Monday, May 16, 2011

Filter Bubbles and the Church

How do you think this relates to the church today?


  1. I posted this comment on a buddies FB page, as he linked to the same video.

    While this is an interesting viewpoint, I would contend that it isn't the role of the service providers to tell you what you _should_ be looking at, but rather what you _wanted_ to look at. Relevance is king when it comes to searching. Facebook isn't making a political point, nor is Google - they're analyzing what you've looked at / interacted with in the past, and trying to give you what they think you're after. If what you're searching for doesn't come up, you'll find a new search provider. If I search for 'Ron Paul' and I get results for 'Donald Trump' - I'm annoyed, and not getting what is relevant to what I'm looking for. Service providers will always accomodate the user. It is up to the user to open their mind and interact with opposing viewpoints, and look up counter-points to their own arguments.

  2. Raj, thanks for posting this video. It was certainly thought provoking. Here' my take on it...

    The pattern of thinking used by the gentleman in the video seems to condescendingly presume that people in general aren't smart enough or at least aren't diligent enough, to seek out multiple sides to an issue on their own, and that someone else must start providing these opposing views for us. This is exactly the kind of thinking amongst proponents of "net-neutrality" which I am adamantly opposed to.

    While search engine algorithms may seem to some, to have nothing to do with the church, the line of thinking in this video and amongst “net-neutrality” supporters begins a slippery slope of action, that could eventually have HUGELY negative effects on the church.

    For example:
    If I want to write a blog post for my church's website about Jesus being the only way to salvation, I don't want the government or companies like Google requiring by law through a "net-neutrality act,” that links to opposing religious views be provided within my article. And as the slippery slope may very well continue, I don't want to see this kind of mentality in our government or our society, eventually requiring that my church's pulpit be a place where if a view of homosexuality being a sin is expressed, the opposing view must also be offered.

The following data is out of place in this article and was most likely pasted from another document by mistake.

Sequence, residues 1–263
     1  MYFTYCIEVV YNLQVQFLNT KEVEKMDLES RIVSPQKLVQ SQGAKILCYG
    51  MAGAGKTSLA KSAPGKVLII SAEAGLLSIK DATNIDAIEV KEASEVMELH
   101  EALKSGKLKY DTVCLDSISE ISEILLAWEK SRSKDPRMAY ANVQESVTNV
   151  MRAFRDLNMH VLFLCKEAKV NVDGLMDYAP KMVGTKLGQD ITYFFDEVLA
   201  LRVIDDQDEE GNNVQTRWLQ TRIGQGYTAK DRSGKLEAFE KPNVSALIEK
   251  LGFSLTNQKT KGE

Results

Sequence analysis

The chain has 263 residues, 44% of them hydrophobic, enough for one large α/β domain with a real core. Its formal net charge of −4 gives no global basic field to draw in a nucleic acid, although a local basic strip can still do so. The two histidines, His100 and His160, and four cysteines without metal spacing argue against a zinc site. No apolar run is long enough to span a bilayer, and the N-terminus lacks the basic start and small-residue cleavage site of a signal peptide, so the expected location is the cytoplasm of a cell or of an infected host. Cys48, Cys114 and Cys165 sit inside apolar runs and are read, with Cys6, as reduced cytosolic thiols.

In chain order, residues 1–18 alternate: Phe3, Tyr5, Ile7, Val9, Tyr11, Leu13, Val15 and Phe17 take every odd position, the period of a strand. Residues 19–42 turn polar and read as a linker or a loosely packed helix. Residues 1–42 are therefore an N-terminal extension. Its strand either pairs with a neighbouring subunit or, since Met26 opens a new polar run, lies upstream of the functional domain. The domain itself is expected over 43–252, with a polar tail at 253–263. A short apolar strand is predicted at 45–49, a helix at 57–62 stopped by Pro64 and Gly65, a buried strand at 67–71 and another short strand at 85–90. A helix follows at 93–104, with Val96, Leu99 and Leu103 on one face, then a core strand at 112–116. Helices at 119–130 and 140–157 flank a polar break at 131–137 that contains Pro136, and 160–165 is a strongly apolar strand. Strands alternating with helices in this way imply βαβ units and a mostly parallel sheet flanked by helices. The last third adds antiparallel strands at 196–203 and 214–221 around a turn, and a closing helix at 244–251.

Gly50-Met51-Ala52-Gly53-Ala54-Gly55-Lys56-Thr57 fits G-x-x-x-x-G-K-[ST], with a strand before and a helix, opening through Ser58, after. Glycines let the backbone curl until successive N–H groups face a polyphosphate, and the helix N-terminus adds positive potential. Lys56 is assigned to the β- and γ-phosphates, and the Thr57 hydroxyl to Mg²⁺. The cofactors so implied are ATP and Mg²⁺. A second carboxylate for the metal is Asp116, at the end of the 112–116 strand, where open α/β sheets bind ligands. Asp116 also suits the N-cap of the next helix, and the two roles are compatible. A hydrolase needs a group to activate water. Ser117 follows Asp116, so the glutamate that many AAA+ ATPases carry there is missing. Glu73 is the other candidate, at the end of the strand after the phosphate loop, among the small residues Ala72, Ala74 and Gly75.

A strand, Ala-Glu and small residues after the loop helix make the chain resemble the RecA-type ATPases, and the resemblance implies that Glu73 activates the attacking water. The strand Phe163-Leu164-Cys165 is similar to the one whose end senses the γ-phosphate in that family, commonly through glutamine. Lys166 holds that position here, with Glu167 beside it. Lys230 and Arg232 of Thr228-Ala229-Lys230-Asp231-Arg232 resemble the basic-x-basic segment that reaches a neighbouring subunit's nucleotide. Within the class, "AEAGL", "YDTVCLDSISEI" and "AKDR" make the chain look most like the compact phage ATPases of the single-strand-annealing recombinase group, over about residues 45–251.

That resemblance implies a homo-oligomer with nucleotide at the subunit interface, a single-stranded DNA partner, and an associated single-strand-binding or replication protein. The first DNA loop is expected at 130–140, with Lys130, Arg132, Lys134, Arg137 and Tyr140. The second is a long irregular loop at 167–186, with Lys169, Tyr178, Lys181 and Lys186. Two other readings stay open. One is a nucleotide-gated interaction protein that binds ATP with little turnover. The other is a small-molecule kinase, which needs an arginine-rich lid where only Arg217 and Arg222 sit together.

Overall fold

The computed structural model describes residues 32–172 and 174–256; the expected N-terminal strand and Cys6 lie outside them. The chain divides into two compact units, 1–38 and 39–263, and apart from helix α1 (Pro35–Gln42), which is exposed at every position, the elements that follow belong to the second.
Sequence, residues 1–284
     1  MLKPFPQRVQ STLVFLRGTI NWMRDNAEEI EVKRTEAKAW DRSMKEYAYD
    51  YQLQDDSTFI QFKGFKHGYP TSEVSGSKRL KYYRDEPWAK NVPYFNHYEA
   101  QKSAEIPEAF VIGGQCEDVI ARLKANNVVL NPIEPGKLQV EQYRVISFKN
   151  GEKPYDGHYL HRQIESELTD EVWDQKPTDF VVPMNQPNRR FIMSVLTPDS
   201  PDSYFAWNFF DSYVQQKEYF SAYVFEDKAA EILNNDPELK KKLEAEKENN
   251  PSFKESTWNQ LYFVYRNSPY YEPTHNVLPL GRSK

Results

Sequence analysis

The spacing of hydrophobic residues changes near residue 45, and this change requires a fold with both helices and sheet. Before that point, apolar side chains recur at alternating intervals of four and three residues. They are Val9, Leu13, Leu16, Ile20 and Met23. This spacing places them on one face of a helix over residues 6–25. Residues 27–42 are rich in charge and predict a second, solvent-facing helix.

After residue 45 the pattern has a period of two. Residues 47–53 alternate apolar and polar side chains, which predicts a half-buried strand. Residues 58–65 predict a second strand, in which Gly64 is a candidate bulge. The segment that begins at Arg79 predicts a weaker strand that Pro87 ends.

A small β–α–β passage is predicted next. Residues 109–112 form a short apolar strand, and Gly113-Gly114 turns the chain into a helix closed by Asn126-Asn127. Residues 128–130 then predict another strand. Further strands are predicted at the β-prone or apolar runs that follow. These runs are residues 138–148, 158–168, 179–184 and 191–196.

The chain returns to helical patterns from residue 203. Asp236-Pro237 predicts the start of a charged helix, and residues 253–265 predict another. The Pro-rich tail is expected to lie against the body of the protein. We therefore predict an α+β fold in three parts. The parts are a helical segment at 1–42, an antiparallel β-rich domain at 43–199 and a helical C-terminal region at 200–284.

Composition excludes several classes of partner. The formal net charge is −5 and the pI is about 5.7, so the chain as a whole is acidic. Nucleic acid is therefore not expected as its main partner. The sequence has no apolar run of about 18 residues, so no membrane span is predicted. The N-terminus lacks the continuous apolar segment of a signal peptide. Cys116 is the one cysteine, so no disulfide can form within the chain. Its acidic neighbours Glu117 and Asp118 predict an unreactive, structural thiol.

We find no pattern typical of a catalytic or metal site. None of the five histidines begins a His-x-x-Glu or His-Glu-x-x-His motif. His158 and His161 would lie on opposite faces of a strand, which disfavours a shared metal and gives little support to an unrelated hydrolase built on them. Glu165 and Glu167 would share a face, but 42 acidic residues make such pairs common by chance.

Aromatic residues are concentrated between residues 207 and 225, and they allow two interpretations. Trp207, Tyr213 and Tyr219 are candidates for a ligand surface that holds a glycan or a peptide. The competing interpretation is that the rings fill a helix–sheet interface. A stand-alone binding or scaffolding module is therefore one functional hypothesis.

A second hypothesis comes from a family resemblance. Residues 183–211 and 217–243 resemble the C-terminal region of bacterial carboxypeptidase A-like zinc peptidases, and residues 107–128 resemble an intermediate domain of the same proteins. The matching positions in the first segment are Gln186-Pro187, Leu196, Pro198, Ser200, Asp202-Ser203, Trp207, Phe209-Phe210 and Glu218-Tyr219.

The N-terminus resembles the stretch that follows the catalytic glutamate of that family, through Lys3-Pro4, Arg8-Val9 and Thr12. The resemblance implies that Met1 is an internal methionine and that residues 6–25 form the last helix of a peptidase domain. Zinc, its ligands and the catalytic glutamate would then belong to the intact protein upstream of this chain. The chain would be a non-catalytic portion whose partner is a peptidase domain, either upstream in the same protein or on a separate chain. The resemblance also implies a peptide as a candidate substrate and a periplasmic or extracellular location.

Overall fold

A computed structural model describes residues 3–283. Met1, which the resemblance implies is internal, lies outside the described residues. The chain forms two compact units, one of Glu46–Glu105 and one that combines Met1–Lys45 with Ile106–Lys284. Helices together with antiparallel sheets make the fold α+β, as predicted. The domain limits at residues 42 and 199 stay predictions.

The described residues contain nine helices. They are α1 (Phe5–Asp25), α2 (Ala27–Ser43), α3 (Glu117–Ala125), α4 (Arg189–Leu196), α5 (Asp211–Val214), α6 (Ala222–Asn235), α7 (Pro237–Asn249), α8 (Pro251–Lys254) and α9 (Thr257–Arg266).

We really don't need big brother making sure to provide opposing views for us.

    I find it far more civically responsible to talk about our need as a people to reaffirm citizen's ability to think and search out truth for themselves, rather than promoting algorithms to better do the work for us. If we as a society become comfortable with leaving the work of researching all sides of an issue to others, whether in government, in a classroom, in a church, or online, we are doomed to eventual tyranny.

    We've got to stay intelligent enough and awake enough, to do the work ourselves.

    “...let us not sleep as others do, but let us be alert and sober... Examine everything carefully; hold fast to what is good.” 1 Thess 5: 6 & 21 NASB

  3. Thank you both for your thoughts.

    Dave, I think that service providers don't exclusively accommodate the user. They walk a fine line between accommodating users and serving advertisers. Pariser's argument could extend to the conclusion that if people don't know that information is being hidden from them for relevance, then what stops a dominant company like Google from hiding that information from them for profit (i.e. BP paying to hide info about the oil spill).

  4. Rachel, I definitely understand the concern that you have. It seems to me that he's talking more about both pro-Christian and anti-Christian websites showing up on a Google search for "Christianity". You, as an individual blogger, wouldn't have to write from both perspectives because your whole-heartedly pro-Christian perspective would be represented among other articles/posts across the spectrum.

    I don't favor government regulation of the internet unless the dominant companies begin to act contrary to the public interest, which I don't think is anywhere near true right now nor regarding the issue raised in this video. We're definitely in agreement there.